Heisman is history for QB Smith

Ravens draft pick not worried about adapting to NFL

May 05, 2007|By Jamison Hensley | Jamison Hensley,Sun reporter

After being drafted in the fifth round by the Ravens last weekend, Troy Smith knows he has to quiet the critics who say he won't make it as a pro quarterback.

When his NFL career informally began yesterday at the team's rookie minicamp, Smith learned of another hurdle to overcome - history.

Few Heisman Trophy-winning quarterbacks survive in the NFL, much less thrive.

Such flops as Danny Wuerffel (1996), Chris Weinke (2000), Eric Crouch (2001) and Jason White (2003) - all of whom are out of the league - have proved that the best player in college football often struggles at the next level.

In fact, just three Heisman quarterbacks (Vinny Testaverde, Carson Palmer and Matt Leinart) have become quality starters in the league during the past 30 years, and they were the only ones drafted in the top 10.

"It won't put any pressure on me," Smith said after his first practice yesterday. "That happened for a reason. We had a good college season, but it's not about that anymore. It's about the Baltimore Ravens and what I can do to help this team and this organization. So the Heisman Trophy has nothing to do with it."

The only time Ravens coach Brian Billick has dealt with a Heisman quarterback was when the Minnesota Vikings drafted Miami's Gino Torretta in the seventh round in 1993.

Torretta finished his college career with a 26-1 record and won the national championship after the 1991 season. But he managed just 16 throws in three NFL games and retired in 1996.

Like Torretta, Smith was a proven winner in college, with a 25-3 record as a starter.

"I don't know what that phenomena is. I'll leave it to somebody smarter than I am to figure out why that happened that way," Billick said. "You have to be very careful not to prejudge it. That just means that's what has been; it doesn't mean that's what will be."

Smith had an uneven start as a Raven, throwing some passes into the ground and others behind receivers. But he seemed to pick up on the concepts quickly, answering the coaches' questions correctly between plays.

"I think what stands out the most to everybody in the United States is he's the Heisman Trophy winner," offensive coordinator Rick Neuheisel said. "He's eager to learn. He's not coming in here as though he's proven something. He's coming in here wanting to prove something."

Smith has to prove he's not like the Heisman quarterbacks who failed in the NFL.

Of the 12 quarterbacks - not counting Smith - who won the Heisman Trophy since 1971, three didn't play a down in the NFL (Crouch, White and Charlie Ward) and four others threw more interceptions than touchdowns in their career.

"I think Leinart and Palmer have done well because they were in that kind of offense [in college]," Neuheisel said. "If you look historically at Heisman Trophy quarterbacks, they have not all been from pro-style, multi-protection-style offenses.

"If you look at Troy later in the season, there was a lot of throwing in the offense. This isn't going to be so far off for him. He's got the fastball. Now, we have to work on some other pitches."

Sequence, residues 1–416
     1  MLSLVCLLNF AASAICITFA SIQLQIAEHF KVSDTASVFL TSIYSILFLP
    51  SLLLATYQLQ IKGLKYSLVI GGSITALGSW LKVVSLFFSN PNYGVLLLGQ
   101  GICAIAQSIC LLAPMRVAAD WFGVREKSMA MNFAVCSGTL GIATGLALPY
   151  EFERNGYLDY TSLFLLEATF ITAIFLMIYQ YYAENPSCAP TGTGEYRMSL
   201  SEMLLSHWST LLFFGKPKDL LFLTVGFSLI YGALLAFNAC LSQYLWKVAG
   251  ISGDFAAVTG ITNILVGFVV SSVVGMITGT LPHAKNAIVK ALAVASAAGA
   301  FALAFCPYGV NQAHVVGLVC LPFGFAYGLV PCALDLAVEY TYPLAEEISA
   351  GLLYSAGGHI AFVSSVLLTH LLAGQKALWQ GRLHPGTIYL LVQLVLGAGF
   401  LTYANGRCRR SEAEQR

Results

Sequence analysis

At Ohio State, Smith used his powerful arm to complete 62.7 percent of his passes, throwing 54 touchdowns and 13 interceptions.

There are questions about whether he can succeed in the NFL because of his height (6 feet) and long delivery.

"The guy could play in the NFL for a long time," said Ron Jaworski, a former NFL quarterback who is now an analyst for Monday Night Football. "I don't think he's a starter for a long period of time, but he gives you a lot of juice as a backup quarterback."

Smith called his start with the Ravens "a humble one."

Instead of competing to be the starter, he's battling to become the No. 3 quarterback behind Steve McNair and Kyle Boller. He's even wearing No. 11 instead of his usual No. 10, which is the uniform number of reserve quarterback Drew Olson.

Then, in his first meeting with the Baltimore media, he was asked whether he would make the final cut - a tough question for a quarterback who is five months removed from winning the Heisman.

"Not making the team is something that never crossed my mind," Smith said. "I'm wearing this [jersey] for a reason, and I'm here for a reason."

Notes -- Yesterday was the first practice for first-round pick Ben Grubbs, who said it was a smooth first day as the Ravens' right guard. "I think it went well," he said. "We spent a lot of time in the meeting room, and we spent a lot of time back in the hotel studying the plays. So I knew pretty much everything that we had installed today." ... When asked whether the Ravens had submitted a contract extension proposal to linebacker Terrell Suggs, general manager Ozzie Newsome said only, "We're negotiating." ... Former Ravens secondary coach Donnie Henderson, who was let go as the Detroit Lions' defensive coordinator at the end of the season, dropped by team headquarters yesterday. Billick said it was a casual visit and that he isn't planning to add Henderson to the staff. ... The Ravens will conclude their two-day rookie minicamp today.

jamison.hensley@baltsun.com

A list of the undrafted rookies signed by the Ravens is on Page 4C.

Baltimore Sun Articles
|
|
|
Please note the green-lined linked article text has been applied commercially without any involvement from our newsroom editors, reporters or any other editorial staff.